FW de Klerk, the last president of apartheid South Africa, has died at the age of 85.

“Former President FW de Klerk died peacefully at his home in Fresnaye earlier this morning following his struggle against mesothelioma cancer,” a statement from his foundation said.

He was diagnosed in March with the disease, which affects the tissue lining the lungs.

As head of state from 1989 to 1994, Mr de Klerk oversaw the end of South Africa’s white minority rule.

He and his government dismantled the apartheid system of institutionalised racial segregation and introduced voting rights for black people.

In 1990 he announced he was releasing anti-apartheid leader Nelson Mandela from prison after 27 years, in a speech that made history.

Mr de Klerk shared the Nobel Peace Prize with Mr Mandela in 1993, but his role in the transition to democracy remains a source of controversy.

Many blamed him for violence against black people and anti-apartheid campaigners during his reign.

After multi-party elections were held in 1994, Mr Mandela won the presidency and Mr de Klerk became one of two deputy presidents in a “National Unity Government”.

Mr de Klerk had kept the decision to release Mr Mandela a closely-guarded secret, fearing a leak and backlash from right-wing whites.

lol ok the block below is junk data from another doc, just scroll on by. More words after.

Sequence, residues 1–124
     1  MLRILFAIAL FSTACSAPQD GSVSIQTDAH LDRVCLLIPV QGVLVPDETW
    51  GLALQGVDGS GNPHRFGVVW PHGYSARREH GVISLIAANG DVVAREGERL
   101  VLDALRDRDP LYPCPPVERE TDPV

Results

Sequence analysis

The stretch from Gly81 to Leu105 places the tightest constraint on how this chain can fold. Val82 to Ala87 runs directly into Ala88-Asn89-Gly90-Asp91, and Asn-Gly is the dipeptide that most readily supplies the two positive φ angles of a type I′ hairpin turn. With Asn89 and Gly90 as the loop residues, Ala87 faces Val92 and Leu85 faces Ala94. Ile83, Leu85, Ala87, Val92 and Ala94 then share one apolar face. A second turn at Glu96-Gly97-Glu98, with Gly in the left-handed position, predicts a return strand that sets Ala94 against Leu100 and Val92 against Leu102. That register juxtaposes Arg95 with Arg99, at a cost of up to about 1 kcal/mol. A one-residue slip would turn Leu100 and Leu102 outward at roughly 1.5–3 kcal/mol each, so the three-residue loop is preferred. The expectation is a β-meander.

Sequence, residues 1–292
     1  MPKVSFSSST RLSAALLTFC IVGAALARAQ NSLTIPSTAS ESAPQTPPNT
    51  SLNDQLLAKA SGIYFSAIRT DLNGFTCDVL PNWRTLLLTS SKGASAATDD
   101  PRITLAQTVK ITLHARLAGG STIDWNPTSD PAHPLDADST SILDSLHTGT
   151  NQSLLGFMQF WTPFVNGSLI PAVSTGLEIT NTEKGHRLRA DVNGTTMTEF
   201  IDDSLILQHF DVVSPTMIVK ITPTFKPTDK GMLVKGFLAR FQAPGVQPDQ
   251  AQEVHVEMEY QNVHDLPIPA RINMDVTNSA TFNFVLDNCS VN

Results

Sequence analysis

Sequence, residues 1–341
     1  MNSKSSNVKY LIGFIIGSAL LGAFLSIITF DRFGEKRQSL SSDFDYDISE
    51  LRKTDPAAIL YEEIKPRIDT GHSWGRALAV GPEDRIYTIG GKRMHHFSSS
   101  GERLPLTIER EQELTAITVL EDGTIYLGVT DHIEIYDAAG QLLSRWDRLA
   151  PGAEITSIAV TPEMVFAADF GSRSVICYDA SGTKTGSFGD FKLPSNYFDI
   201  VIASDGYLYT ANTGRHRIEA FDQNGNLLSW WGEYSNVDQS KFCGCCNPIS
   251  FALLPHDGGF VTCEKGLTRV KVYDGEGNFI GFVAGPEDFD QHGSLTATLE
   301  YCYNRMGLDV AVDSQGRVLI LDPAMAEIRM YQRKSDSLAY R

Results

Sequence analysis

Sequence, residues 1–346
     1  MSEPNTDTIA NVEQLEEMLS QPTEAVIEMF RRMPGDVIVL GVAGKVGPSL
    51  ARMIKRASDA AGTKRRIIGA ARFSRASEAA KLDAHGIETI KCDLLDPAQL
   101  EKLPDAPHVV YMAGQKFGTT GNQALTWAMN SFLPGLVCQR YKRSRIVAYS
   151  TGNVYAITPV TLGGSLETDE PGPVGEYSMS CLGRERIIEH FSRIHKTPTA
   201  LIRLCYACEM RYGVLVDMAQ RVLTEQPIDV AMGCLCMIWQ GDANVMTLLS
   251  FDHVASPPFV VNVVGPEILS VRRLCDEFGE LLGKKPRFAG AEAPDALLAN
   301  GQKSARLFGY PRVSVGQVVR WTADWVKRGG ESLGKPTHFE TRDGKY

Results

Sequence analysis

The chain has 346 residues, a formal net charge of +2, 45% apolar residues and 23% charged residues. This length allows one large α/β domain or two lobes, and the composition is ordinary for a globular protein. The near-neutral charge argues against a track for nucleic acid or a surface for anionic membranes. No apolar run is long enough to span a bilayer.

Even his wife did not know about the plan.

When Mr de Klerk celebrated his 70th birthday in 2006, Mr Mandela praised his predecessor for taking that plunge into the political unknown.

“You have shown courage that few have done in similar circumstances,” he said.

Mr Mandela wrote in his autobiography that nothing in Mr de Klerk’s past “seemed to hint at the spirit of reform”.

After beginning his parliamentary career in 1972, Mr de Klerk had spent years as a minister overseeing a schooling system that spent 10 times more on white children than black children.

His negotiations with Mr Mandela on a peaceful transition were held amid mounting political violence, with critics saying Mr de Klerk was too cautious in tackling right-wing security forces suspected of instigating conflict.

He retired from active politics in 1997 and later apologised for the pain and humiliation of apartheid.

“History has shown that as far as the policy of apartheid was concerned, our former leaders were deeply mistaken in the
course upon which they embarked,” he said.

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